Synthetic complimentary RNA sequences to SEQ ID NO:7 and SEQ ID NO:9 were made and used to form a double-stranded RNA with the appropriate complementary oligonucleotide. For fragmentation testing, both single-stranded and double-stranded RNA were used.
The probe used in the detection step was a 26-nucleotide sequence complimentary to SEQ ID NO:9, with an acridinium ester (AE) label between positions 16 and 17 (described in Nelson et al., 1996, Nucleic Acids Res. 24(24): 4998-5003) The general method involves fragmenting 100 fmoles of RNA in a total volume of 100 μl (i.e., the final RNA concentration in the reaction is 1 fmol/μl) in 50 mM imidazole buffer at pH 7.6, containing 2.5 μmoles of each of the metal cations tested. After the reaction incubated at 60° C. for 30 min, the fragmentation reaction was stopped by adding a 2- to 3-fold molar excess of EDTA, pH 8, relative to the metal cation concentration and incubating at −20° C. To monitor the amount of RNA fragmentation, about 5 fmol of RNA was taken from the mixture and probed with a 20-fold excess of the AE-labeled probe. All probe hybridizations were done at 60° C. for 60 min (in 1X PACE® 2 hybridization buffer, Gen-Probe, San Diego Calif., USA).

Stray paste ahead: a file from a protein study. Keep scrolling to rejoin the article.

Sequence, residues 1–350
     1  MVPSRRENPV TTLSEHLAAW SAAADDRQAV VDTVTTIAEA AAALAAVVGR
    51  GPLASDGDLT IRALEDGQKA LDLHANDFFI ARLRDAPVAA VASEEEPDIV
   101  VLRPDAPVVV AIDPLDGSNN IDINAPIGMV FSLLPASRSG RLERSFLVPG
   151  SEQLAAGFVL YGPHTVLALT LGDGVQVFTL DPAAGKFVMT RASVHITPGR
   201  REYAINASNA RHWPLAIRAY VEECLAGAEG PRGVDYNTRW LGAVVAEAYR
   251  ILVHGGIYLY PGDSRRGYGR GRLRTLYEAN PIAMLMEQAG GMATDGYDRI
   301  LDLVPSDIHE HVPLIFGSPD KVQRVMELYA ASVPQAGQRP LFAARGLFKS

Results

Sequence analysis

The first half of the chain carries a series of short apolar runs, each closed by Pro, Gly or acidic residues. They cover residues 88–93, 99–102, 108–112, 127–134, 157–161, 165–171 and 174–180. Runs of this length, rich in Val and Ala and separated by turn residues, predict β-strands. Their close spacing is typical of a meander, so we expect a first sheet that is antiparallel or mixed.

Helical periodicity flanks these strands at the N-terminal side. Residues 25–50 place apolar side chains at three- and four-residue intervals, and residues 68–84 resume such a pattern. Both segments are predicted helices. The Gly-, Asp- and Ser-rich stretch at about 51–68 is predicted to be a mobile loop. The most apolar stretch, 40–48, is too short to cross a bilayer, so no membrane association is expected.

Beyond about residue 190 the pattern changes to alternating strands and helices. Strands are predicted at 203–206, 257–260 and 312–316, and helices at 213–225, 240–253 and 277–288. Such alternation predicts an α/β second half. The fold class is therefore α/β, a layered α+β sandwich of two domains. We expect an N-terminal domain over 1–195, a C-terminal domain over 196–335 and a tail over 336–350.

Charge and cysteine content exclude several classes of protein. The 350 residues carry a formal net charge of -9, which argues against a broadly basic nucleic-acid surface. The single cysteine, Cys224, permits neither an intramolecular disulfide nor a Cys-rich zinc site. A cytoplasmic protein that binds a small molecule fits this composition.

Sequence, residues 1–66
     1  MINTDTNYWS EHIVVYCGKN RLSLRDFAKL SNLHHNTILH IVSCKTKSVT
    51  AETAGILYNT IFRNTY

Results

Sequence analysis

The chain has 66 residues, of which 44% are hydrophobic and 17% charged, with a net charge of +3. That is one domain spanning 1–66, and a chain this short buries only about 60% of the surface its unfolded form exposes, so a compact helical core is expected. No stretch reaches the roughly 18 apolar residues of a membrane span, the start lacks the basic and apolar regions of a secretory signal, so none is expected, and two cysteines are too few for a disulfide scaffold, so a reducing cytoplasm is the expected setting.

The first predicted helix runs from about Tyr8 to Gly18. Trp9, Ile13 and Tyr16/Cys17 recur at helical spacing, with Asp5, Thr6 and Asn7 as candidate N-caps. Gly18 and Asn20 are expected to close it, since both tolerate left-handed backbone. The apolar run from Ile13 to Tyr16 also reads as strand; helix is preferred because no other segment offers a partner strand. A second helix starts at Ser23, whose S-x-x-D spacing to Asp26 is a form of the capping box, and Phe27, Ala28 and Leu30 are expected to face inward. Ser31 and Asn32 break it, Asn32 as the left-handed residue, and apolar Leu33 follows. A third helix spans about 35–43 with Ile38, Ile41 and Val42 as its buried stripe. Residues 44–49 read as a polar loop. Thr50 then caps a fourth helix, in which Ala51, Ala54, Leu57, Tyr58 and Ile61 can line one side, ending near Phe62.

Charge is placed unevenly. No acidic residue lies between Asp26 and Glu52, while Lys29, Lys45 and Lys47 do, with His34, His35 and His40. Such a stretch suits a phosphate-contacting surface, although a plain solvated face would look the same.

Probing a small amount of RNA from the fragmented material also allows the fragmentation mixture volume to be adequately diluted in the hybridization volume such that the fragmentation reaction components do not affect the hybridization of the probe to the target. About 200 μl of PACE® 2 selection reagent (Gen-Probe Incorporated, San Diego Calif., USA) was used to hydrolyze the unhybridized probe. The hybridized probe was detected using a luminometer to detect chemiluminescence (as previously described by Nelson et al., supra). The chemiluminescence is expressed as relative light units or RLU.